Largest Earthquake in Húsafell Area in Decades

Vala Hafstað

Shortly before 9 am yesterday, an earthquake of magnitude 3.1 hit near Húsafell, West Iceland. It is the largest earthquake to hit the area since 1994, according to Kristín Jónsdóttir, earthquake hazards coordinator at the Icelandic Met Office. Its source was at a depth of 4.0 km, 18.1 km southwest of Húsafell. To see its location, click here.

“We’ve been seeing tiny swarms [of tremors] in this area,” states Bryndís Ýr Gísladóttir, natural hazards specialist at the Icelandic Met Office, and adds that more than 70 tremors have registered there since January 9.

On her Twitter page, Kristín brings attention to yesterday’s earthquake in the post below.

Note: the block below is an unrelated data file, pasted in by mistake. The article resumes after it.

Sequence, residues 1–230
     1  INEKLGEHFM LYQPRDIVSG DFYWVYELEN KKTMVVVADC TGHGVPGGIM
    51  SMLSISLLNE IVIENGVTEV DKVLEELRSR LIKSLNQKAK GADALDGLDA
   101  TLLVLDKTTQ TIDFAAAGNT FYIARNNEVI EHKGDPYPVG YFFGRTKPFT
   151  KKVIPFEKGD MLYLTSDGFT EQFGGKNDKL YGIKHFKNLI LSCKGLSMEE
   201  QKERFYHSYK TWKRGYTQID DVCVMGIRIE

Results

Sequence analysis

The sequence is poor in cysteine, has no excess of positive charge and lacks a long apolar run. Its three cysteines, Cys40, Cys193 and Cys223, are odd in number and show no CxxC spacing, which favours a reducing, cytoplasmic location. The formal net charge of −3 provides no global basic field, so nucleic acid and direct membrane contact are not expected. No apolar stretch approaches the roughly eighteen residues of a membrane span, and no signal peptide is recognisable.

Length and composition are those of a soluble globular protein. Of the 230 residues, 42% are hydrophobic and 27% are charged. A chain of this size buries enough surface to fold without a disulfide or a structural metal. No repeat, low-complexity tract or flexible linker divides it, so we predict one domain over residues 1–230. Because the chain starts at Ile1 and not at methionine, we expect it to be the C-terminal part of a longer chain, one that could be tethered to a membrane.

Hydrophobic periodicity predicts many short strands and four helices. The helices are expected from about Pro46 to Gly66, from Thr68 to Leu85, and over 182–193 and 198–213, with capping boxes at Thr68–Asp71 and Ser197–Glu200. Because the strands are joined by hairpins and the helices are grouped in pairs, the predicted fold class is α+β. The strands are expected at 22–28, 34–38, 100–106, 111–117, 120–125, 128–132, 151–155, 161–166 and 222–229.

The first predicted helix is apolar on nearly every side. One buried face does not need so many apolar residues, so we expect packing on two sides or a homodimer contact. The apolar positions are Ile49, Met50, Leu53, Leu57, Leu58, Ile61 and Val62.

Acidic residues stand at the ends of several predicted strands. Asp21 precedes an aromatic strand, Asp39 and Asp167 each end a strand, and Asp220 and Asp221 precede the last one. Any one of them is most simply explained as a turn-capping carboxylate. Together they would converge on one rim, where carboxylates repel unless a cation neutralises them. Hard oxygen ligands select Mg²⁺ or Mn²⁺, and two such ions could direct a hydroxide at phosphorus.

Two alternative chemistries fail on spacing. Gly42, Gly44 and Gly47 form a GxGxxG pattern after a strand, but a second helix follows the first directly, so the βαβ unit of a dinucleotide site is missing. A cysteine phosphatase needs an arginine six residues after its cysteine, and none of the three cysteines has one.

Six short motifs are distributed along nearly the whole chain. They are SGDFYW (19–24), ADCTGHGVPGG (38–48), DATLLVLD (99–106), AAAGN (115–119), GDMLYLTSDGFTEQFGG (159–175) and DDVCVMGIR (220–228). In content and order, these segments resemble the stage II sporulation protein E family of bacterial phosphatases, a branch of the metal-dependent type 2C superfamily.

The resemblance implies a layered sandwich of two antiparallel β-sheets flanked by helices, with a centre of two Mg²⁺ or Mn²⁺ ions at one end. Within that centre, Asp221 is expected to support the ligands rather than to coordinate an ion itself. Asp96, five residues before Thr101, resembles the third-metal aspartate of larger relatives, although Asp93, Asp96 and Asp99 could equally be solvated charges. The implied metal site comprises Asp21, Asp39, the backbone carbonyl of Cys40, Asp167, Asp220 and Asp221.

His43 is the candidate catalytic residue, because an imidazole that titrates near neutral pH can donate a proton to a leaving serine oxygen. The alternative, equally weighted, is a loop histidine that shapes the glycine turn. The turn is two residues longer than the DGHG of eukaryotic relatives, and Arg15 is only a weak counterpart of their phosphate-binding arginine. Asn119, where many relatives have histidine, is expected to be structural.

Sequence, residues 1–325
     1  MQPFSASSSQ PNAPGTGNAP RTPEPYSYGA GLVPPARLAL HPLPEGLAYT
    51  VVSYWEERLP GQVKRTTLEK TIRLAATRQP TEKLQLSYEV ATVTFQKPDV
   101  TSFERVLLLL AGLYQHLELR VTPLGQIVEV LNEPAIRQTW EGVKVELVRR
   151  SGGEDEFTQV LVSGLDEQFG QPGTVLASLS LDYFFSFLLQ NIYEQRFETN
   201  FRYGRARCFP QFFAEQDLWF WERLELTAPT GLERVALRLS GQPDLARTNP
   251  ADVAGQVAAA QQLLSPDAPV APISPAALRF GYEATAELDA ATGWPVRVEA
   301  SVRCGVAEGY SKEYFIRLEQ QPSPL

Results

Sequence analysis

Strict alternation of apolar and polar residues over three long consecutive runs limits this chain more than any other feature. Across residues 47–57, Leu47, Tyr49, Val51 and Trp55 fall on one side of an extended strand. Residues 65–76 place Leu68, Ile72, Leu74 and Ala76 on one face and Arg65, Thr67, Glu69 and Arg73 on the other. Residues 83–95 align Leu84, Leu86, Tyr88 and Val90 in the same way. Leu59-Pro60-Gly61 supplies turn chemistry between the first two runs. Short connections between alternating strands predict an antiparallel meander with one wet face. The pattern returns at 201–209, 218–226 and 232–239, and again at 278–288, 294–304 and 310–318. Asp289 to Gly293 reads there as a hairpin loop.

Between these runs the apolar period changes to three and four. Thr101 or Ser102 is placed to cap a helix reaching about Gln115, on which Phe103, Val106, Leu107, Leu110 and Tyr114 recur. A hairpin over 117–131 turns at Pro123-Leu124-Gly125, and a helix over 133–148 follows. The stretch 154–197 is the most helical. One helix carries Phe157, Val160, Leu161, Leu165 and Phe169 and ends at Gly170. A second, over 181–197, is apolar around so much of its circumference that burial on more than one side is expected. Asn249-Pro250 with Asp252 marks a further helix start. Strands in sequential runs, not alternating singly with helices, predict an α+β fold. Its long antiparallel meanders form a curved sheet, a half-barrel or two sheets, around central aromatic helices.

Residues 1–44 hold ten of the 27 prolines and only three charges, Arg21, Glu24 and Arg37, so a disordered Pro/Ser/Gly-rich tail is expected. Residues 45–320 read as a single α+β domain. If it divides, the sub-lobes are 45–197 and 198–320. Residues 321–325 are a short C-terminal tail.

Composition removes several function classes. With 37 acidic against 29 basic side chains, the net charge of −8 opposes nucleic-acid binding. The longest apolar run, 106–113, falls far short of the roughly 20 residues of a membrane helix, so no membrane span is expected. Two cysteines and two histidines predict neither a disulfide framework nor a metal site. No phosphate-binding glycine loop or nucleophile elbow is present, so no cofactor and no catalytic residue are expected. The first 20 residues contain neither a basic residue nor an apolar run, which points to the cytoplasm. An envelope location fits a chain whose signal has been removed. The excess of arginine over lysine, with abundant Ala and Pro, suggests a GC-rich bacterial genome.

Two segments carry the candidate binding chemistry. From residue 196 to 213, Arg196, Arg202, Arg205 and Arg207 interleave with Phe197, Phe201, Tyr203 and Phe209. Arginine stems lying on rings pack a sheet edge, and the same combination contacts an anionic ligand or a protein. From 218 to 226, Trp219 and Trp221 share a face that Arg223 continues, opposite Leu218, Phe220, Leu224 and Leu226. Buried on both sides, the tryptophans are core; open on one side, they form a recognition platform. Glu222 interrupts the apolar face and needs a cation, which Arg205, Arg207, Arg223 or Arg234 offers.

At present, unusual trembling is not limited to West Iceland alone. Overnight, four tremors registered in Askja volcano, located north of Vatnajökull glacier, the largest of which measured 3.1 in magnitude. It hit at 4:30 am.

Bjarki Kaldalóns Friis, natural hazards specialist at the Icelandic Met Office, tells that the tremors are likely part of the inflation which has been taking place in Askja since August.

“The inflation had slowed down before Christmas, and equipment was installed by Askja around December 20,” Bjarki notes. “We don’t see clearly whether the inflation is continuing, but it likely is.”

He adds that tremors are not unusual in Askja, “but it is somewhat unusual for a tremor of magnitude 3.1 to hit.”

The Icelandic Met Office continues monitoring the area.

You can read all about Askja here

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